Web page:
What to say and what to do?
It can be very difficult getting the right balance when someone dies and you are not sure what to say to the bereaved.
Many years ago there was an unspoken code of conduct when someone passed away. Direct mourners knew what to wear and how to behave. Added to this most people tended to live close by to relatives and did so for life. All of this meant that if someone had lost their husband, for example, everybody was well aware of the fact.
These days friends and family are often scattered around the globe. Yes we have more forms of communication than ever before but we still lose touch at times. Bumping into someone who you haven't seen for a long time, and asking how such and such a person is, can leave you feeling terrible if you did not know that the person in question has died.
When this happened to me years ago I was on the receiving end when a friend of my Mum's asked how mum was doing not knowing that she had passed away some months earlier; Mum had been a hospital inpatient for months.
The look of horror on that poor woman's face haunted me for a while; it ended up with me trying to comfort her.
Such instances are bound to happen occasionally but just how to express your condolences can be a worry.
Personally I would say that there are no hard and fast rules. Much depends on:-
Blank cards offer the sender a means of further expression but take care what you write. It is so easy to get caught up with your own bereavements that the sentiment is expressed badly. When my Dad died, my Mum received a card that was full of the sender's cares and woes as that person had recently lost her husband also. This was understandable and we knew it was not meant badly. However if we had not known the person well, we may have been offended.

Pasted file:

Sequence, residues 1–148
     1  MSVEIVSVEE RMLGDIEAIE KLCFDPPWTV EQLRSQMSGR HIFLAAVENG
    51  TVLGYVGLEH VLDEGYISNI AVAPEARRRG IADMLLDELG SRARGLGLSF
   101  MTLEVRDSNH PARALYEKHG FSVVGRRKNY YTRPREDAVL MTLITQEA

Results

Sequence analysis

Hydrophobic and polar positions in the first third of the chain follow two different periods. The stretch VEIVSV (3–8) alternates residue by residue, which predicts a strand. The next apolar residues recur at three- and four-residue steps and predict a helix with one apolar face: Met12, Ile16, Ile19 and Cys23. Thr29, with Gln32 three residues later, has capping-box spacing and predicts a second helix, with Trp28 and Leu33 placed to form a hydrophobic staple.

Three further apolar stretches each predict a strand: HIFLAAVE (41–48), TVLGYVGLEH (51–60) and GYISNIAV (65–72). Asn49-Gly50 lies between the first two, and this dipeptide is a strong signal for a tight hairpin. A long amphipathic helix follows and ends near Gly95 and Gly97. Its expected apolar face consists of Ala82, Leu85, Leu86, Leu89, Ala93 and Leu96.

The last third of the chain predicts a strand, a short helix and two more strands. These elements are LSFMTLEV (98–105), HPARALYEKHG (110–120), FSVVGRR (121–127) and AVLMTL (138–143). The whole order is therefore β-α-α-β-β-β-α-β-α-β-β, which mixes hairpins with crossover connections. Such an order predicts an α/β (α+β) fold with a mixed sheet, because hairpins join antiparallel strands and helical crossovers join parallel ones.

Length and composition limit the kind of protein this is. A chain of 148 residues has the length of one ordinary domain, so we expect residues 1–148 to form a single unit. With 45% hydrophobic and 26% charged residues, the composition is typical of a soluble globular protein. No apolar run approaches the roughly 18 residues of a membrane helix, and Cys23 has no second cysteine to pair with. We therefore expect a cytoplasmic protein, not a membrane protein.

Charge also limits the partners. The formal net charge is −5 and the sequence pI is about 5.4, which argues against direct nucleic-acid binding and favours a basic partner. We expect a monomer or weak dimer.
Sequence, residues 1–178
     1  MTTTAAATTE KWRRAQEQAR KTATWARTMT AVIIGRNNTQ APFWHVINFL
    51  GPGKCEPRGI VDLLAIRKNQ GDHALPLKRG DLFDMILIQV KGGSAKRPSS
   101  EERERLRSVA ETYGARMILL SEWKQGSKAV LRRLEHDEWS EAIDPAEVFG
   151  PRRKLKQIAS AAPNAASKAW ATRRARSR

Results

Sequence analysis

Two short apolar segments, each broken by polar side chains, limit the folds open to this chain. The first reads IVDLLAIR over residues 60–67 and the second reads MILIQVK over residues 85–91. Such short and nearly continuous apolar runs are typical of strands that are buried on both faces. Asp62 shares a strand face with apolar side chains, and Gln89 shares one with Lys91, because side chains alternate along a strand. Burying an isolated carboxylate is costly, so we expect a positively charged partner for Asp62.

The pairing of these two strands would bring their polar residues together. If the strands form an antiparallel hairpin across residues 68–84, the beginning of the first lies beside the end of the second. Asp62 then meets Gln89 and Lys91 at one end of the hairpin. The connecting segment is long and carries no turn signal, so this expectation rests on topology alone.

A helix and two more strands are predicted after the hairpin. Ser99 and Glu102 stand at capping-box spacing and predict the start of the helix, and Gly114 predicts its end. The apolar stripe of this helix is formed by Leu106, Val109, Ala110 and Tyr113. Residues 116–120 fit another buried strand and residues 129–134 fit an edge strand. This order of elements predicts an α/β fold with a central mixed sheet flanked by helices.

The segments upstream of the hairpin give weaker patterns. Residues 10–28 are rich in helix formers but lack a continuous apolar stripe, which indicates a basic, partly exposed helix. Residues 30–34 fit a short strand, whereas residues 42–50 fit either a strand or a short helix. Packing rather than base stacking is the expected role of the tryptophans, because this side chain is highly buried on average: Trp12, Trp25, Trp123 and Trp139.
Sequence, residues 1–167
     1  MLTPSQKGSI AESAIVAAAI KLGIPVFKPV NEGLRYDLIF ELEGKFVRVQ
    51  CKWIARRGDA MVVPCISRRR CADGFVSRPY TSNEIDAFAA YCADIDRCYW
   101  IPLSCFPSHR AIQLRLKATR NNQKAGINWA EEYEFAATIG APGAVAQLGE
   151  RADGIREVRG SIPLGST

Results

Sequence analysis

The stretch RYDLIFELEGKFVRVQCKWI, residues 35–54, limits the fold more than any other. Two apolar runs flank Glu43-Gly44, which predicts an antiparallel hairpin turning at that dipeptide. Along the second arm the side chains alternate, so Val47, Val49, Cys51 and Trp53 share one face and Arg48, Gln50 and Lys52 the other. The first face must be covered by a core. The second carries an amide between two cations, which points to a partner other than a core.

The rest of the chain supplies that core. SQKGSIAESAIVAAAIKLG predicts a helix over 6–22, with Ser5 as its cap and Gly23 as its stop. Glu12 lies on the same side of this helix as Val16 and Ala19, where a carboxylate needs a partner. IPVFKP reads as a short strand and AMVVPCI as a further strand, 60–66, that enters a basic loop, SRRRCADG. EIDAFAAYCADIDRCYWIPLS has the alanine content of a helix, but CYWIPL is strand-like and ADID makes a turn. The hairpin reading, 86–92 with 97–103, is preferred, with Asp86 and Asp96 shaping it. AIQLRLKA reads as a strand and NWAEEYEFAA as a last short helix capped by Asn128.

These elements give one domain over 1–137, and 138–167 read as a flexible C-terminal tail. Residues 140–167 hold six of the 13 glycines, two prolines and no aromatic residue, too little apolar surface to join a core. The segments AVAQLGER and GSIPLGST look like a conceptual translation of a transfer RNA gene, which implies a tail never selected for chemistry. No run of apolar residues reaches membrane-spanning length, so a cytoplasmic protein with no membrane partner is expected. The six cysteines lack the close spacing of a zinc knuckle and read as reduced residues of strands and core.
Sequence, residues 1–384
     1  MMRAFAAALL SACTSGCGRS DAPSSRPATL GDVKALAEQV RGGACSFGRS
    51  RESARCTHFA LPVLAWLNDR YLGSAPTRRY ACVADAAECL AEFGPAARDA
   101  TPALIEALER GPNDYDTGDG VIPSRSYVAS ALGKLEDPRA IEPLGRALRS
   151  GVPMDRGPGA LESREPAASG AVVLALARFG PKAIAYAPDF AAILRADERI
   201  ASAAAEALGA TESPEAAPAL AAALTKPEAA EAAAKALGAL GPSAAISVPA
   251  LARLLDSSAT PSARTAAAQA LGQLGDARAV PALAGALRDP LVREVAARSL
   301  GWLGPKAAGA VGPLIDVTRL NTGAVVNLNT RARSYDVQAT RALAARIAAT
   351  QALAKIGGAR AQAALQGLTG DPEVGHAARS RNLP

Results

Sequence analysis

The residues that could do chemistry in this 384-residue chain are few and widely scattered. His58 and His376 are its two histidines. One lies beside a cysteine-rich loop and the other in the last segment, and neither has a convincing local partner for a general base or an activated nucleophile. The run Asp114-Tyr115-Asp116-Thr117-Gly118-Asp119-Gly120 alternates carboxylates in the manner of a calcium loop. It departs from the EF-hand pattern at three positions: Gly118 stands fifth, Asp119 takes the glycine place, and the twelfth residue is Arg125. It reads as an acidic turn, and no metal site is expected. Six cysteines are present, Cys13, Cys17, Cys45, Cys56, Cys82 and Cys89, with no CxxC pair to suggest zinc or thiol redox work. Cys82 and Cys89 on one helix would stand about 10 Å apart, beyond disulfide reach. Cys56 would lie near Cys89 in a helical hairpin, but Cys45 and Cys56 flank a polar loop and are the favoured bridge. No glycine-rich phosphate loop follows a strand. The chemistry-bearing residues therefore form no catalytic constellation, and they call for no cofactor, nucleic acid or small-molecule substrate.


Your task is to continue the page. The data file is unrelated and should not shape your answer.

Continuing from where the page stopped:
In the City were I live relatives often place a notice in the Births, Deaths and Marriages columns of the local paper, or as my Mum would say Hatch, Match and Dispatch columns. This means that others can add their condolences here if need be. However these days less people are reading such newspapers.
If you meet with the close relatives at, for example, the funeral, take a deep breath and go with your gut instinct. Sometimes a sincere hug will be enough. In time the person may appreciate a chat about past experiences but initially this may be too difficult to contemplate.
Remember that if you are offering your condolences with the right intention it is the person left behind that you are hoping to help. Condolences are not a way for you to feel good. To my mind it is all about letting the partner or family of the deceased know that you are there for them, cared for the deceased and will miss them and that you empathise with the close ones feelings.
Even if you have already lost someone you cannot know how another person is feeling. Grief is a very personal matter and affects everyone differently. Therefore it is best not to say that you "Know just how you feel". This statement may not go down well. In your heart though you know that you have an inclination as to how they feel and so you can act accordingly.
When my Dad died when I was 17 I hated the fact that all and sundry wanted to tell me that they were so very sorry. How could they be sorry when they hardly knew me or my Dad? A few years later when my Mum also passed away I hated people telling me that it was for the best. All I knew was that I had lost my Mum and wanted her back. With time and age I now understand where both statements were coming from. However I use these examples to show that you need to take care with what you say. Your intentions may be to offer comfort but they may have the opposite effect.
Overall, I think we just need to think carefully about expressing our condolences. Do not simply write or say any old thing. It would be better in this case to say nothing at all. In Yorkshire we might say, "when in doubt, say nowt" Instead consider the situation and the people involved, so that right words can come to mind.
Hopefully having to offer your condolences will be few and far between in your life but, trust me, sooner or later you will have, need or want to.